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Culture Express > News Video

Folk artists prepare for Shoton Festival

CCTV.com

08-13-2014 19:19 BJT

The annual Shoton Festival, one of the Tibetan ethnic group’s most important festivals, is just around the corner. And in a village in the Brahmaputra River's upper course, Tibetan Opera troupe performers have been preparing for the show.

Tibetan Opera has history of more than 600 years and is sometimes known as “the living fossil of traditional Tibetan culture.”

Tibetan Opera

Tibetan Opera

"I've been performing for decades. Tibetan Opera is now an essential part of my life. It makes me happy when I perform or even think of it," Tibetan Opera performer Tsering Namgyal said.

The troupe’s members are all local to the village, and they all lead self-sufficient lives. Even the costumes they wear are self-made. And this time, they are performing a classic number of Tibetan Opera, a tale of two princes.

Tashi Choephel, 26, has been learning the traditional performing art for 14 years. He plays the younger prince.

"The younger prince is a noble human being. He treats everyone with compassion and sympathy. He helps people wholeheartedly and shares his fortune with others. Everyone loves the character," he said.

Tibetans have long cherished this important folk art, which has become a source of identity for them, even more so in this village where the art was born.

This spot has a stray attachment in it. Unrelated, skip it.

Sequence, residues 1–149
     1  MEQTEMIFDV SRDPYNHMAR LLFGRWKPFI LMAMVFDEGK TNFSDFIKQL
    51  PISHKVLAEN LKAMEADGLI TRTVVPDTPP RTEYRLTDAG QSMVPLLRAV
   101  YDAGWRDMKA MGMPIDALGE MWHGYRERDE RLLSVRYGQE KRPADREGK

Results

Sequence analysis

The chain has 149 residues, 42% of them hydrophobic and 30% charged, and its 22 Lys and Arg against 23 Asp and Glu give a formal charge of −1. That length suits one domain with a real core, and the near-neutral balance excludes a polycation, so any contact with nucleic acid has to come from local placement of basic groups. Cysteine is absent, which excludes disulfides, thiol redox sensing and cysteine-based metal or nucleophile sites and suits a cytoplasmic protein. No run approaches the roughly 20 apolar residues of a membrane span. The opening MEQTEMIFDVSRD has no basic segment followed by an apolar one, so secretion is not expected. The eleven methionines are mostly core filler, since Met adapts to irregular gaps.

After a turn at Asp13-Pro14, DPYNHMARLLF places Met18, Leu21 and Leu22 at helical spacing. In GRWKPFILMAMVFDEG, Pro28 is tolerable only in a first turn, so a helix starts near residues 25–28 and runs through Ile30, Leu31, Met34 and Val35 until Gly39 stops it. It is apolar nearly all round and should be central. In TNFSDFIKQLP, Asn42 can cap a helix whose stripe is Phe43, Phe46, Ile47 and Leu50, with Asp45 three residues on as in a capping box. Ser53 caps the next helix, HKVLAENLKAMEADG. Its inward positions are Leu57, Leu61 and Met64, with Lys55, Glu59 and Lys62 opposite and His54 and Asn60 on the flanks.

There is a beautiful legend about Tibetan Opera: During the 14th century, a high-ranking monk and bridge builder named Thangthong Gyalpo decided to build iron bridges across all the major rivers in Tibet, to improve transportation and facilitate pilgrimages.To fund the project, Gyalpo created a singing and dancing group in which he played the cymbals and drums. They performed throughout the region to raise money for his bridge project. This is believed to be the source of the present-day Tibetan Opera.

"I worked really hard on the show, as we are preparing to perform during the Shoton Festival. But I'm really worried that Tibetan Opera will lose its inheritors, because you can't earn much performing these days. More and more people prefer to work outside instead of staying in the village," Choephel said.

After rehearsals, the performers go back to their daily routines in their village, surrounded by iron bridges and historical sites of the palaces that are links to the past and a time when Tibetan Opera was at its peak.

Tibetan Opera

Tibetan Opera

 

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